"Munich" is a beautiful, haunting and frightening film about love, war, family, loyalty, duplicity, politics, murder and terrorism.
Although similar in feel to Francis Ford Coppola's "The Godfather" with subplots of vengeance, Steven Spielberg's "Munich" has its foundation in vengeance. The impact is unexpected, yet, if Spielberg has some message about Israel, Palestine, America or morality, it is neither simple nor mundane.
The story purports that a team was secretly recruited by Israel to retaliate and kill those who killed the Israeli Olympians in Munich, Germany, in 1972. Led (and exquisitely acted) by Eric Bana, the team's mission alters them from loyalty and idealism, for most, to something different. In one of many similar juxtapositions, Spielberg has the Palestinian killing-team quickly and furtively change clothes, outside, in the dark, to commit murder. Later on, Bana's killer team does the very same thing.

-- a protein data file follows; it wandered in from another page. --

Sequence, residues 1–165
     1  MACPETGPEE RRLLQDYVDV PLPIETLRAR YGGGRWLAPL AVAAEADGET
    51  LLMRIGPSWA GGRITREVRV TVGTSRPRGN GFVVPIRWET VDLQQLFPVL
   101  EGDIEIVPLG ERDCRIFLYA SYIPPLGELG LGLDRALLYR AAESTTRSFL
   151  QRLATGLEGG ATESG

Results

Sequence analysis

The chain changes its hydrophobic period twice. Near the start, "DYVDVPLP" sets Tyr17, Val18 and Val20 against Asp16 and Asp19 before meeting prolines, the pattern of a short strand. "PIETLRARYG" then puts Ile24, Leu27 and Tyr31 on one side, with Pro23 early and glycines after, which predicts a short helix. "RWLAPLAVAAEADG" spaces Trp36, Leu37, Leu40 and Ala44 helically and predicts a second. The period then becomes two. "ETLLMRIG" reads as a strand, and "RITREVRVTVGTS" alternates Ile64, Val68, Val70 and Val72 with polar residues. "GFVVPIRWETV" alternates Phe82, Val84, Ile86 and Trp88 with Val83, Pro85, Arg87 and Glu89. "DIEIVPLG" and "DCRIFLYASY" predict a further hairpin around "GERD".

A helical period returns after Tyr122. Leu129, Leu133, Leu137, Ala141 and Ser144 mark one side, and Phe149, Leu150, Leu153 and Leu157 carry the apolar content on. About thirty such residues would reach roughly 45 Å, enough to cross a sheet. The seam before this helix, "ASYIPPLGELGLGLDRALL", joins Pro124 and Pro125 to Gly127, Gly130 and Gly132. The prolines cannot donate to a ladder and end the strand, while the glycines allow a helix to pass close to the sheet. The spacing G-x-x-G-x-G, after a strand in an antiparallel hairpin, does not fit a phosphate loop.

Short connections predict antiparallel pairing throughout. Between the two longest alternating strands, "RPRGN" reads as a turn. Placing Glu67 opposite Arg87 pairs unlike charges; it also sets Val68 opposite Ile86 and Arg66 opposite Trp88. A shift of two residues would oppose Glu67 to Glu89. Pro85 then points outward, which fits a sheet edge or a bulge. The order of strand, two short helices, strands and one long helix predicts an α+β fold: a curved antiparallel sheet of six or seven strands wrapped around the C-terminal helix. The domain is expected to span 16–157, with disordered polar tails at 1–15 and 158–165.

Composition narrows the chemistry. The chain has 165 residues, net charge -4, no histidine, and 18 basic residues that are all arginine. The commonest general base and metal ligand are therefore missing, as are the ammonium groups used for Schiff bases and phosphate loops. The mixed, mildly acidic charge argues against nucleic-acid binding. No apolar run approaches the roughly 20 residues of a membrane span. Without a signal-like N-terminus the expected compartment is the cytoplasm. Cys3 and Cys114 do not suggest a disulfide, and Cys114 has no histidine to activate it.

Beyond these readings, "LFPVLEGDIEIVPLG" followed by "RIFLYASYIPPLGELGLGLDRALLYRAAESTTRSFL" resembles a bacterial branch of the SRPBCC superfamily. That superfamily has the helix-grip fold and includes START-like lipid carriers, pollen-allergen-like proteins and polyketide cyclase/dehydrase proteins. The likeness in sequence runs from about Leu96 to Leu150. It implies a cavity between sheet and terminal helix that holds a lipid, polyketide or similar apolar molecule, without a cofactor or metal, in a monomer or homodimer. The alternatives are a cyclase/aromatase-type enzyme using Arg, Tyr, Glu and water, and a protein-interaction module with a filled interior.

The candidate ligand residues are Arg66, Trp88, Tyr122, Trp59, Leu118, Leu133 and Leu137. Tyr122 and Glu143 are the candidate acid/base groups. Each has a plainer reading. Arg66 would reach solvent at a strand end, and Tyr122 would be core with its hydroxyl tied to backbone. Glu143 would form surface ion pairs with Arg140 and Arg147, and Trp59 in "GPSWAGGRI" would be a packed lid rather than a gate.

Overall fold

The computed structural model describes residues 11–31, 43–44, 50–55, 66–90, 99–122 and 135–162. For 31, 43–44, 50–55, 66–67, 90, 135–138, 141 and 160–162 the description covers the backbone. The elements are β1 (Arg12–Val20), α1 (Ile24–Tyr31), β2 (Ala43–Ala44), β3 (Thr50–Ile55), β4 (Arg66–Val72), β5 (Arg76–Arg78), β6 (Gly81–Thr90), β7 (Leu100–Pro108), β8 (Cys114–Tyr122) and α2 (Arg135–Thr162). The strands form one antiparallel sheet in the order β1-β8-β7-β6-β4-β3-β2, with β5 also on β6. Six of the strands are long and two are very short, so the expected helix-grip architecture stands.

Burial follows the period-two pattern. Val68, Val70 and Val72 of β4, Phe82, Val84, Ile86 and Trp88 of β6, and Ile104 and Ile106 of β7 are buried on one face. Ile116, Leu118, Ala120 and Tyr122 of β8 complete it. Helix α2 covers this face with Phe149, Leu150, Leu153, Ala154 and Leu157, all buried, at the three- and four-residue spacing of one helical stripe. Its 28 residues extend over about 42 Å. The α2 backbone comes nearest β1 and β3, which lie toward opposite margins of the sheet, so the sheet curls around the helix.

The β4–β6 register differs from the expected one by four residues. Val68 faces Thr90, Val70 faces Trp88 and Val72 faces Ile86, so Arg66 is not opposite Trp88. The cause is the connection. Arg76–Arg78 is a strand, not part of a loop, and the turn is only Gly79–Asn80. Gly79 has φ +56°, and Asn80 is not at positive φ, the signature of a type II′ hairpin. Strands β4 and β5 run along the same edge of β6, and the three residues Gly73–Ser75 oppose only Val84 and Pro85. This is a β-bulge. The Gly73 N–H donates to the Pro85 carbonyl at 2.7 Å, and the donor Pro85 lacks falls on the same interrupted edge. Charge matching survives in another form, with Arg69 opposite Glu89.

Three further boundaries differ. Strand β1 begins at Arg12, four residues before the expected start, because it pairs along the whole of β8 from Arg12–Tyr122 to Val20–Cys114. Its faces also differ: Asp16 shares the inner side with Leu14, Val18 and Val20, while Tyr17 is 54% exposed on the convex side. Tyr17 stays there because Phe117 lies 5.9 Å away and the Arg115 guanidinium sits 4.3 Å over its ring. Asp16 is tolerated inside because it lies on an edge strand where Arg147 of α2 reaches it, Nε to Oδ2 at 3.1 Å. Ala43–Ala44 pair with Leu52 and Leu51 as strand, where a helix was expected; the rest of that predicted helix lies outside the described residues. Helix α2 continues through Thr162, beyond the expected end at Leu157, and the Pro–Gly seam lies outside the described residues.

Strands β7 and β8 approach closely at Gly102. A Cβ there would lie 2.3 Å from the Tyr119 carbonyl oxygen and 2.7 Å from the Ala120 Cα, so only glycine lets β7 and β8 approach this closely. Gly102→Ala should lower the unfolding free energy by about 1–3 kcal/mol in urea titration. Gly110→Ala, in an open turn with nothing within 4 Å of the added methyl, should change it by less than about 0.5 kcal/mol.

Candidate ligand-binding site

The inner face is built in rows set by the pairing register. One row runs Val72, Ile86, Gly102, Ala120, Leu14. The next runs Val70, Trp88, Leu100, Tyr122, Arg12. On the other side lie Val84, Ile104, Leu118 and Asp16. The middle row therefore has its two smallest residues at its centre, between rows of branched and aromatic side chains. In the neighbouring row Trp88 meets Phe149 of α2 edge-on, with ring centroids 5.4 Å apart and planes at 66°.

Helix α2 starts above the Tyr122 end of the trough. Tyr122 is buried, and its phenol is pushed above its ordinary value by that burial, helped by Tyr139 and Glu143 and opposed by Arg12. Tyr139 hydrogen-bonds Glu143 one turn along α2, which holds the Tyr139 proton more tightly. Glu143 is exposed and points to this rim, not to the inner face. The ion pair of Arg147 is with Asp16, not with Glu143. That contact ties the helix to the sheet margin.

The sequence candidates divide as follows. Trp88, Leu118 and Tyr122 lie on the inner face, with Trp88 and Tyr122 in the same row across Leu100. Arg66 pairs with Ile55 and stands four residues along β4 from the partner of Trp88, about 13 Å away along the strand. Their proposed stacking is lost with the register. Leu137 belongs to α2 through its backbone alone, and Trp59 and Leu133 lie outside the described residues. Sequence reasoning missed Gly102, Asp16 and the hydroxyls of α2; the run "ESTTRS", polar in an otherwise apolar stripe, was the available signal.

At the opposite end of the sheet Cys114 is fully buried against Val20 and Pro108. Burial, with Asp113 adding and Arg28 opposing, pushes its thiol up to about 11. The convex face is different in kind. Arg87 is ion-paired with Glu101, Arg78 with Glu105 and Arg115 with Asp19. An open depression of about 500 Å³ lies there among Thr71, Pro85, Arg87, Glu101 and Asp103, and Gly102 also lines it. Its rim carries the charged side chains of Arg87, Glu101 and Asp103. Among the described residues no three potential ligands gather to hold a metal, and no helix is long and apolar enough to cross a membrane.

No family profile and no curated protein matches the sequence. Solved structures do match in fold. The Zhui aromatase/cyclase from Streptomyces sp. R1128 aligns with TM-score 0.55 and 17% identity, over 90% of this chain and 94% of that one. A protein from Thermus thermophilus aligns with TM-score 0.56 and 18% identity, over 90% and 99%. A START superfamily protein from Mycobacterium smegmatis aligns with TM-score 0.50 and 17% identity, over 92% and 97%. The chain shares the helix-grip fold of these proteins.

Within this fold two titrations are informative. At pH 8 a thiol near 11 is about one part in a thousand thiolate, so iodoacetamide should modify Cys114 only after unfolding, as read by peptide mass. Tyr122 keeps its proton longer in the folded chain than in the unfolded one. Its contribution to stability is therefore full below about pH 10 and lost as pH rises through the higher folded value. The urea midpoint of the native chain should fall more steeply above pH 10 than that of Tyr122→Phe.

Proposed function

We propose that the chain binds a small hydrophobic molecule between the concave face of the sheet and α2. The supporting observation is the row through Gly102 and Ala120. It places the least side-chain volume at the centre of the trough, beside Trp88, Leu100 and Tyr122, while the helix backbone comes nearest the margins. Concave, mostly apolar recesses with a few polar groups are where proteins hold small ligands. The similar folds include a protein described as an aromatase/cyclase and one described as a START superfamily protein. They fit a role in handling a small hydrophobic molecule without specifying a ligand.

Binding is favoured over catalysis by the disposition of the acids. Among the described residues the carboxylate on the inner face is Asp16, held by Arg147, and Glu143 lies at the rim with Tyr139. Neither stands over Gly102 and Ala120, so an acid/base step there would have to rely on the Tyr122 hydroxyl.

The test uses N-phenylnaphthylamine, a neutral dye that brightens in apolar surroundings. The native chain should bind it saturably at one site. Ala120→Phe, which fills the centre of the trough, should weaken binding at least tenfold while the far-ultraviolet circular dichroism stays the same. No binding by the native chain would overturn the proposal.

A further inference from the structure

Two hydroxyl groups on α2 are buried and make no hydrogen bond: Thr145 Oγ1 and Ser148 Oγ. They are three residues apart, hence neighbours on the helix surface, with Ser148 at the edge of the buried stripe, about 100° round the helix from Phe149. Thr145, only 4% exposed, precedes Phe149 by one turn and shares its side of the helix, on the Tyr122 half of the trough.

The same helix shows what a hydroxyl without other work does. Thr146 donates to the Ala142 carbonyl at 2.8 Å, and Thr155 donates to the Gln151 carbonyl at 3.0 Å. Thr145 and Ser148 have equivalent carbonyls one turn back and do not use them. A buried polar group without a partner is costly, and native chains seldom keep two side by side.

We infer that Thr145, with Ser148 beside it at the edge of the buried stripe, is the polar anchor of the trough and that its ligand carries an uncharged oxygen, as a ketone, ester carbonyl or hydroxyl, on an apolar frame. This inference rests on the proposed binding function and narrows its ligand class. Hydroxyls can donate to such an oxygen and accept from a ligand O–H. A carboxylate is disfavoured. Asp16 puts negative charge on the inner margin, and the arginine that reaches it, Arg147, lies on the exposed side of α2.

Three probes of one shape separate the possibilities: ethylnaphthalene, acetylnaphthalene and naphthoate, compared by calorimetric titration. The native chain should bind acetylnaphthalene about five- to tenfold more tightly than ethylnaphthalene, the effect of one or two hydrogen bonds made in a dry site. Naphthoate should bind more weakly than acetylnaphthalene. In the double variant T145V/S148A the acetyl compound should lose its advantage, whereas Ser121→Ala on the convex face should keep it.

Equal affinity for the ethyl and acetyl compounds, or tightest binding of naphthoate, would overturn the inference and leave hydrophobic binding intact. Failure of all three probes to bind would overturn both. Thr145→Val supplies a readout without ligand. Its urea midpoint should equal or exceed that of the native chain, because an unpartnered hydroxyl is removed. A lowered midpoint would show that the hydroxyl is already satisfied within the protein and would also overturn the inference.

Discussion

"Munich" is intellectually sophisticated, with the edges of what is right and wrong fairly ragged. Scary are the ordinariness and mistakes the Israeli team makes. It could have been named "Carnage for Cash." The keystone, cash, comes from America.
"Munich" is what every serious movie maker should aim for: entertainment; enlightenment; discussion; and if politically-themed, non-political. It is a film of consequence and importance.
-- Lynn Fischer Kryger, 68, Lakeland